• You will become a champion for the kids that were like you. Those navigating challenges and coming from communities that are often cast in a negative light. The green/inexperienced kid that may not fully understand the process, but has the desire to do better in life – for themselves, their family, and community.
  • You will always carry a backpack. A very heavy backpack. But it’s never filled with burdens or pity.
  • And always, always, always – stay focused and humble.

Lift this City: Performers Band Together to Elevate Oakland


Photo by Katherine Brown.

Have you ever had an experience that put you on a natural high? A feeling that is so positive that it keeps you from falling asleep? An experience that motivates you to try and find a way share this feeling/moment/initiative with others? I experienced such a moment on the evening of Saturday, February 8, 2014. It began with a text from a good friend Vielka that afternoon, “Are you planning anything tonight… I may be able to get front row tickets to Sheila E tonight….” With initial plans that I had falling through, I quickly accepted Vielka’s offer. These tickets were for a the Elevate Oakland 1st Annual Benefit Concert at the Fox theater in Oakland. Elevate Oakland, spearheaded by Ms. Sheila E., is a collaboration between two organizations – Elevate Hope and 51Oakland – with the focus of improving academic achievement and increase student attendance by providing creative and relevant curriculums through Music and Arts Education.

For this benefit concert, artists like Ozomatli, the Bay Area’s own Goapele and Michael Franti, and host of other artists and musicians donated their time and talents for to raise money for this cause. The stage was also a platform for those that this concert was benefiting – youth of Oakland who have an intense passion for music and arts – a resource that over the years has experienced a decrease in funding and support. It is hard to capture into words how elated these youth were to share their amazing talents with the world – and it’s even harder to explain how beautifully this passion is evident in every note they played and lyric they sang.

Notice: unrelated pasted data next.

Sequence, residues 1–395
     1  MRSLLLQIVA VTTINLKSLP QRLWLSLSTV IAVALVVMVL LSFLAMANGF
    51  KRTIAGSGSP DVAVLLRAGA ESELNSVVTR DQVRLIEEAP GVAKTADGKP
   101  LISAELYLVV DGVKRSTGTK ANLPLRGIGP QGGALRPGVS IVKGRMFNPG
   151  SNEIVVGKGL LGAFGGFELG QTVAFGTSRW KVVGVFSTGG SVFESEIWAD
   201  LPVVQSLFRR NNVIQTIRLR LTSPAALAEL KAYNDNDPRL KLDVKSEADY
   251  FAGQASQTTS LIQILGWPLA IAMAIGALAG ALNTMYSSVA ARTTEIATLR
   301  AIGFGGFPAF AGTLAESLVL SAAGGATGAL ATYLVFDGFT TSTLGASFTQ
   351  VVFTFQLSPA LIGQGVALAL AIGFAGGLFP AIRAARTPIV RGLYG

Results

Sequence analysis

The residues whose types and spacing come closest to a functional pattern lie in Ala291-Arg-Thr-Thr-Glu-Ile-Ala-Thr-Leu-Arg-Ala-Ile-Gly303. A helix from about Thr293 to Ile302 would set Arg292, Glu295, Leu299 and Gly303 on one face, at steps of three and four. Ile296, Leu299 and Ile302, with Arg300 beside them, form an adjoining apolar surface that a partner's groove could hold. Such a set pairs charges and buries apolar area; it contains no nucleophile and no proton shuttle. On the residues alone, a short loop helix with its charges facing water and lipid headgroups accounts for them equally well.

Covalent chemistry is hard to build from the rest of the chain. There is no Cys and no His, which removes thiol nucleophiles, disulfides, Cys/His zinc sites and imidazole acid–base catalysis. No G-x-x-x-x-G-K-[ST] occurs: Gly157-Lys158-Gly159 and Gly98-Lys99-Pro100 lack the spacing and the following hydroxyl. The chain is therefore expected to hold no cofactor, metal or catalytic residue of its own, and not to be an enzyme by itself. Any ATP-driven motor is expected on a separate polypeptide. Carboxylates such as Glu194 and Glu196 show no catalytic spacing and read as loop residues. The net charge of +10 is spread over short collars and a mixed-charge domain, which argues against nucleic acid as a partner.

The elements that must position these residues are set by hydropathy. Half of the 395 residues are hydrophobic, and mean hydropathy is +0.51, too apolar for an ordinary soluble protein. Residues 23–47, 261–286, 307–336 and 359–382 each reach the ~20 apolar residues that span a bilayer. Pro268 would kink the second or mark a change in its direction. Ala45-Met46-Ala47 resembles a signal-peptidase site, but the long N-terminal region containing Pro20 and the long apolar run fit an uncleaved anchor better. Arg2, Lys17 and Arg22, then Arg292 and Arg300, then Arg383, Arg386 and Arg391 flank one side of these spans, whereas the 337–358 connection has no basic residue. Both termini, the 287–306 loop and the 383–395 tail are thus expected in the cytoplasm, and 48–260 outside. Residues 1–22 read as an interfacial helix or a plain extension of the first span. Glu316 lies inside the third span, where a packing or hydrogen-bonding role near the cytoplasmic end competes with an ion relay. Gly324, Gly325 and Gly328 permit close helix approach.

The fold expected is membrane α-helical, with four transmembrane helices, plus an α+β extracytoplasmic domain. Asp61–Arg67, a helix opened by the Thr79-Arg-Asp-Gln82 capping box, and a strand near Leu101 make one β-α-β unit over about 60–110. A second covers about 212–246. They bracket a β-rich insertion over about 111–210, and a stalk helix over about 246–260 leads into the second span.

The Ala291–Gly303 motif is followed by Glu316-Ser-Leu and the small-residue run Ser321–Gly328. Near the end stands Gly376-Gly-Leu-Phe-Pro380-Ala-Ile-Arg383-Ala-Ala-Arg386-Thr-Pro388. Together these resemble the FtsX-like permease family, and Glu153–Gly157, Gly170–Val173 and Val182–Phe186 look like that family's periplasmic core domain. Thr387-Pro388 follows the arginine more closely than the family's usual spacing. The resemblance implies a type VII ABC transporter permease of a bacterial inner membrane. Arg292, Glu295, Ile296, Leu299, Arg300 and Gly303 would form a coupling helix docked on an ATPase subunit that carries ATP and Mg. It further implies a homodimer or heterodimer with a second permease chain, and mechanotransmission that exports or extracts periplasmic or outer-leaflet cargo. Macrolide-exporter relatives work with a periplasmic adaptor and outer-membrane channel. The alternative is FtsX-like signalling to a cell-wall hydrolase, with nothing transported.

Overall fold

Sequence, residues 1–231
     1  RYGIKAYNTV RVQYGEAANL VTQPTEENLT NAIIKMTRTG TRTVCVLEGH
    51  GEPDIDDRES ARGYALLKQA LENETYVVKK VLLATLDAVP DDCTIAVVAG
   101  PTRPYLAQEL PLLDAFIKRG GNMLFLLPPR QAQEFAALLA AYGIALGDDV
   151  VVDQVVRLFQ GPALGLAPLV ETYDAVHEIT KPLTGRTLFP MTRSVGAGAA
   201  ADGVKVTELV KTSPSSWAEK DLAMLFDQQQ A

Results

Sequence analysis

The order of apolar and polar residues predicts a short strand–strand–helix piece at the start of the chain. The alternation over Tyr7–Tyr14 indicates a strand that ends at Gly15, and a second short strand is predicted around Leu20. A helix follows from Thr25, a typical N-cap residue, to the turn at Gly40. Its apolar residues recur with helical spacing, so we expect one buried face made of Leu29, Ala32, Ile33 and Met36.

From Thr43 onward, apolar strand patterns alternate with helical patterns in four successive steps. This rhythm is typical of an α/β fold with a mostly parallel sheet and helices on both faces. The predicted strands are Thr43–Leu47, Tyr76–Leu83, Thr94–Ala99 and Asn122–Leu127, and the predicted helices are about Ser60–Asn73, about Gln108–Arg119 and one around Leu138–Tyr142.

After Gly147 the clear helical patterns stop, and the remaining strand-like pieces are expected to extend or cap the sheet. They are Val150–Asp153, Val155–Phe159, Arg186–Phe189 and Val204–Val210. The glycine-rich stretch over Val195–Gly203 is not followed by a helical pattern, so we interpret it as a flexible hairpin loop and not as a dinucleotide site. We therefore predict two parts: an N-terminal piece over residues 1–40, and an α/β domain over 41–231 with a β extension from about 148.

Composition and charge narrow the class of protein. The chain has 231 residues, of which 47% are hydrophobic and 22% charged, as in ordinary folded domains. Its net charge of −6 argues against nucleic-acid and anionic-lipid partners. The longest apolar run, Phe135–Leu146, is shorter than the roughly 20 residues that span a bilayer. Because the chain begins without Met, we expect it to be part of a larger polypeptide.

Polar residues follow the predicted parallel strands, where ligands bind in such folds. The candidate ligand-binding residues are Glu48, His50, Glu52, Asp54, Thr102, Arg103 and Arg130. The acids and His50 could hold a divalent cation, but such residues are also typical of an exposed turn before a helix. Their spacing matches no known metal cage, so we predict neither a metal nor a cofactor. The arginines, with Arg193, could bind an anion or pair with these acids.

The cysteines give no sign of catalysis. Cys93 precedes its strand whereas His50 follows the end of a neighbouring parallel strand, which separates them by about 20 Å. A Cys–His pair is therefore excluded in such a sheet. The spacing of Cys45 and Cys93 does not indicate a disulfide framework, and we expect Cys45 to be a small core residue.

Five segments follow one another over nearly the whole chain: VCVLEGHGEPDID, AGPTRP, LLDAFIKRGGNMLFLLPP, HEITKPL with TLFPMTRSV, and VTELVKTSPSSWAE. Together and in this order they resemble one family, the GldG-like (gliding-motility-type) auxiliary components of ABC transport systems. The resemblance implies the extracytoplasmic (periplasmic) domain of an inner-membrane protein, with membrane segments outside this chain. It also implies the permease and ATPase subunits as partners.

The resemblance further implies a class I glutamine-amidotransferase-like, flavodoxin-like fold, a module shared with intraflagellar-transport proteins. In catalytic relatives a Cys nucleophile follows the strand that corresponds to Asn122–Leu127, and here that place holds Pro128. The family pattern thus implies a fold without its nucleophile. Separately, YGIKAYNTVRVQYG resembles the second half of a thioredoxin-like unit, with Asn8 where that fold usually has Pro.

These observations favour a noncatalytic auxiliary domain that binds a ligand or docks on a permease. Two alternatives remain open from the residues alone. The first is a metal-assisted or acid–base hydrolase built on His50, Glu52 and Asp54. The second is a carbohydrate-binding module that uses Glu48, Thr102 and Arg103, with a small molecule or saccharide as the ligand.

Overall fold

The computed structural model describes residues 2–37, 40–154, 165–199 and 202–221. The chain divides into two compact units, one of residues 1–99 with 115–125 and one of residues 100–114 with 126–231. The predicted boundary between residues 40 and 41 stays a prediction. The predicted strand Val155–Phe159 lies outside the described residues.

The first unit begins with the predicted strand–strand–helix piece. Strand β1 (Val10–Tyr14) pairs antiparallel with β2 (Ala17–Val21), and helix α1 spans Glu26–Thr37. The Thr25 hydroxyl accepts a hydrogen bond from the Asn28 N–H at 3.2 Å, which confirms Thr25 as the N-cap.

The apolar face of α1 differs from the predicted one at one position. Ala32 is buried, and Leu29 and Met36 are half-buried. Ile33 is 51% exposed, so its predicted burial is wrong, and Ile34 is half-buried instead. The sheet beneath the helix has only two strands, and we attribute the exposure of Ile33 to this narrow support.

As a product of the Oakland Unified School District, I remember fondly on the music programs of the schools I attended, and how much those experiences were positive forces in my life. My first music teacher was at John Marshall Elementary School, and his name was Mr. Tapiro. In the third grade, he taught us the very basics of music – how to read notes, about the legends and grandfathers of music (i.e. Beethoven, Bach, etc.). He also taught us how to play the recorder – the first tune I learned how to play was Transylvania 6-5000. He would refer to us students as his team – specifically, as his “Hoosiers.” Mr. Tapiro loved music, and did whatever he could to prepare the next generation in keeping this art alive.